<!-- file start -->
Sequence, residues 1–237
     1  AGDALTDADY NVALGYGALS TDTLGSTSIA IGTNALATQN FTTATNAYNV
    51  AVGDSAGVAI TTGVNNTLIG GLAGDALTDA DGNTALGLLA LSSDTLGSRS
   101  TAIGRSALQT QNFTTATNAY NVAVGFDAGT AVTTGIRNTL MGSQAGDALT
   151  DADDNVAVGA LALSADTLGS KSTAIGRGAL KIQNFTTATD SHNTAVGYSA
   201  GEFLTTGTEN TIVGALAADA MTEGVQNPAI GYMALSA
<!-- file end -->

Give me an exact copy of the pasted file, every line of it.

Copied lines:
Sequence, residues 1–237
     1  AGDALTDADY NVALGYGALS TDTLGSTSIA IGTNALATQN FTTATNAYNV
    51  AVGDSAGVAI TTGVNNTLIG GLAGDALTDA DGNTALGLLA LSSDTLGSRS
   101  TAIGRSALQT QNFTTATNAY NVAVGFDAGT AVTTGIRNTL MGSQAGDALT
   151  DADDNVAVGA LALSADTLGS KSTAIGRGAL KIQNFTTATD SHNTAVGYSA
   201  GEFLTTGTEN TIVGALAADA MTEGVQNPAI GYMALSA